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Substance Abuse Awareness and Recovery Support Programs Grow at Aims

Aims Community College is bolstering its efforts to provide students with substance abuse awareness and recovery programming. While the college has provided programming around these topics for decades, new strategic partnership opportunities and increased interest among student leaders have pushed efforts forward.

People holding narcan boxes and drug recovery information
Pictured left to right: Aims Director of Student Life Janet Chase, Student Government Association Vice President Danielle Irwin, and Campus Activities Programmer Jennifer Daniel.

This fall, more initiatives are rolling out, including a special guest speaker coming to campus to recognize National Recovery Month and more programs to support those in recovery or considering treatment.

National Recovery Month Celebration Speaker

Jay Pee speaking at AimsJeff Powell, better known as Jay Pee, will share his story of redemption and hope on the Aims Greeley campus. He’ll present how he overcame homelessness and addiction and then created a recovery community organization (Minnesota Hope Dealerz) and became a drug and alcohol counselor and an inspiration to those in recovery worldwide. Community members are also invited to this event.  Lunch is provided to attendees.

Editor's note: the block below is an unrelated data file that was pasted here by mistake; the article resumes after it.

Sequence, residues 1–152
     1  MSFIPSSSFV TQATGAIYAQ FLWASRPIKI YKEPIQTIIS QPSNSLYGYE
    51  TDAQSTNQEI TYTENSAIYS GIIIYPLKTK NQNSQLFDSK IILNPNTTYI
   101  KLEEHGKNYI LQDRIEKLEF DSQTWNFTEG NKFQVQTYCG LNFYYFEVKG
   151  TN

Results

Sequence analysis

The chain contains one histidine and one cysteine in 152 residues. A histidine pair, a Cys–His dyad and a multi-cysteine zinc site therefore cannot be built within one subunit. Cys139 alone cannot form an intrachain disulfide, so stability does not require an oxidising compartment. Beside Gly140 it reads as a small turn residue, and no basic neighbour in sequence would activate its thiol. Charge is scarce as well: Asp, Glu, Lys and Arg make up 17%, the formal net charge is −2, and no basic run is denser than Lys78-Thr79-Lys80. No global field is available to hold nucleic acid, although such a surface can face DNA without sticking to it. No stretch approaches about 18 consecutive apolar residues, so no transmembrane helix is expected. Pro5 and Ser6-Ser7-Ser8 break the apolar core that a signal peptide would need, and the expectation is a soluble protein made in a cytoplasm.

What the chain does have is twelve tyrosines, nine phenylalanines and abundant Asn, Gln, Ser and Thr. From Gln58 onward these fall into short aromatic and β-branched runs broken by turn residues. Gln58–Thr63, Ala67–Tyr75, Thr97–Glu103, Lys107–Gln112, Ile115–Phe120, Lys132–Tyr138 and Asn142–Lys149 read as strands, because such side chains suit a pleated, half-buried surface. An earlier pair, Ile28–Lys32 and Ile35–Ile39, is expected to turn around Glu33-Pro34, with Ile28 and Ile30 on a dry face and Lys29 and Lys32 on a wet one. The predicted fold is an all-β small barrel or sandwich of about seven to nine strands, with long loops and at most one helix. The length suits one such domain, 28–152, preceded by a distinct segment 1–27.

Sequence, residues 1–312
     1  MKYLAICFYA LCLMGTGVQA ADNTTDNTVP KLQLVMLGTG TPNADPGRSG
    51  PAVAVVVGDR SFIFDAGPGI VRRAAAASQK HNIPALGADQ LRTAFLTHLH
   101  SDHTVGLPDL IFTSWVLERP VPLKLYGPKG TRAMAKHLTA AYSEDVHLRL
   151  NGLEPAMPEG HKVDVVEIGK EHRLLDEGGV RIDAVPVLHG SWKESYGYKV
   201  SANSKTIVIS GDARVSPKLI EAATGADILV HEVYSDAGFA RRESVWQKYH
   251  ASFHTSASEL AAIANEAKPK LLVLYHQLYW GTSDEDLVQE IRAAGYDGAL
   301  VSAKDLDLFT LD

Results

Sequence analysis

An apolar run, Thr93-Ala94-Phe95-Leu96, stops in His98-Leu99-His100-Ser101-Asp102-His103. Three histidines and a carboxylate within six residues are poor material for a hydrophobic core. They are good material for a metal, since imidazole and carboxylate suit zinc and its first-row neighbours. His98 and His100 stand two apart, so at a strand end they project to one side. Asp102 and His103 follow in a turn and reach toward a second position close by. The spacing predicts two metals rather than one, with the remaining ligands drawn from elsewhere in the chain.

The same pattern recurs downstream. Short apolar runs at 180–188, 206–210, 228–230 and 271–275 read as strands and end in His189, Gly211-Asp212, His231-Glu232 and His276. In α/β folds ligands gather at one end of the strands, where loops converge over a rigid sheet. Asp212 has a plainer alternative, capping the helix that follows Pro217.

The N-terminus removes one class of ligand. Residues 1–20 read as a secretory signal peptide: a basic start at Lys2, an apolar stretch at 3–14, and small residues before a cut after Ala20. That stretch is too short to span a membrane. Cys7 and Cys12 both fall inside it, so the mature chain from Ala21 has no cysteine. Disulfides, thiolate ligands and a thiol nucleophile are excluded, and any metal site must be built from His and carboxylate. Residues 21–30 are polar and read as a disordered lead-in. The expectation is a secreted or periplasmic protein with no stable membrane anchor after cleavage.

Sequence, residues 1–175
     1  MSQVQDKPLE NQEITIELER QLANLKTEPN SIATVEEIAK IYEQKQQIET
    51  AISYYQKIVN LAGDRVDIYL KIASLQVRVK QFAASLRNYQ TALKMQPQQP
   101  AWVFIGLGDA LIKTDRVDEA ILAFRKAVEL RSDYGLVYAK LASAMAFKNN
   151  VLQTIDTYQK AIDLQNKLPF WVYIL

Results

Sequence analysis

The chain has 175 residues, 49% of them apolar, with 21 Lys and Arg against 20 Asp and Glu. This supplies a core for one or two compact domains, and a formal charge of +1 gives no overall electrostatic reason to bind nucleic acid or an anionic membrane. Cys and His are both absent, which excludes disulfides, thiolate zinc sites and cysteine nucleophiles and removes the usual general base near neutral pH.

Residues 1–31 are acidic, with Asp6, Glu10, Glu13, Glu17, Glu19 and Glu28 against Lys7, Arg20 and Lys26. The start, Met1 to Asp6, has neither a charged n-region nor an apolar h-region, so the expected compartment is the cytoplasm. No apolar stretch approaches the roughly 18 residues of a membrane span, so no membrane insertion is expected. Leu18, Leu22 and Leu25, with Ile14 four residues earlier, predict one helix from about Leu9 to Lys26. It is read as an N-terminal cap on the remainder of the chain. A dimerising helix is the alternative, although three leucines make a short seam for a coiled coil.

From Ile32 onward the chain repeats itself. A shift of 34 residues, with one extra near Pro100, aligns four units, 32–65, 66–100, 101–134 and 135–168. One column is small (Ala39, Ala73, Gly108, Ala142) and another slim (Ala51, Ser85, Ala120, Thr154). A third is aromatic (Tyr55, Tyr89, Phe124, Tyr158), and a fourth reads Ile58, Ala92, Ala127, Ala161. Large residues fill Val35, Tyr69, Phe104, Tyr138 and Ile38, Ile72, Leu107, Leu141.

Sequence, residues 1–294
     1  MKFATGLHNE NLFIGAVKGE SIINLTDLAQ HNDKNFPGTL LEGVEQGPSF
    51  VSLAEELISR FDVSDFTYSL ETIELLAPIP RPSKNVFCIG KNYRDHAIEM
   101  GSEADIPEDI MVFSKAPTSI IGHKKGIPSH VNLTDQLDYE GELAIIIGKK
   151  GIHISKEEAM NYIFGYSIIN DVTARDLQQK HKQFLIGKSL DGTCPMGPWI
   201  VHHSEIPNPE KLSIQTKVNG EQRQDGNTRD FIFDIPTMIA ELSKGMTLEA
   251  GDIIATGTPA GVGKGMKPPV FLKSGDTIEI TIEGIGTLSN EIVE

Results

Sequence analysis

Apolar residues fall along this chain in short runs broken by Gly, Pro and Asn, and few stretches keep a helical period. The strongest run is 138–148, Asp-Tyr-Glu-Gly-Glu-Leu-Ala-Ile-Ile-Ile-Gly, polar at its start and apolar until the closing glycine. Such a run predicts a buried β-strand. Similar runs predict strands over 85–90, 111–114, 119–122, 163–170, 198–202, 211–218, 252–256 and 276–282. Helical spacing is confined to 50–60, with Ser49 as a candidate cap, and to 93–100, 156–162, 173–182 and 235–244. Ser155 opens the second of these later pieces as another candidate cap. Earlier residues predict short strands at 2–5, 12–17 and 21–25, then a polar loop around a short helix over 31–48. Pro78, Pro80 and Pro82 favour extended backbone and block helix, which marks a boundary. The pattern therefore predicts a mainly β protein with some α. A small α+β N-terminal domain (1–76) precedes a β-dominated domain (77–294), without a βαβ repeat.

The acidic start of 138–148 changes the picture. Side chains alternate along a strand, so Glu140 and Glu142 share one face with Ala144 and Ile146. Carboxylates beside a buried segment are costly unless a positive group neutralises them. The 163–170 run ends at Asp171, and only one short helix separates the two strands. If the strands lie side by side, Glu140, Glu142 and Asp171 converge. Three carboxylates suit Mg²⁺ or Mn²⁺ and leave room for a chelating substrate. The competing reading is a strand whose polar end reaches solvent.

• Where: Greeley Campus Student Commons 
  • When: September 27, noon-1:30 p.m.

Aims Director of Student Life Janet Chase saw Jay Pee speak at a conference and was so moved by his presentation that she wanted to bring him to campus to share his message at Aims. “His story is so powerful, she said.

“He lived on the streets, became a very successful drug dealer and spent time in prison. Essentially went from being a dope dealer to a hope dealer.”

Chase said that opening the event up to the entire community is beneficial, especially for loved ones of Aims students, “It’s super cool when students can invite their family to come in and experience things with them.” 

Partnerships to Address the Opioid Epidemic

The opioid epidemic is a growing problem in Colorado. According to the Weld County Department of Public Health and Environment, 53 residents across Weld County died in 2022 from a drug overdose involving Illicit and prescription opioids. Statewide, close to 6,000 deaths due to opioid overdoses were reported in the past ten years.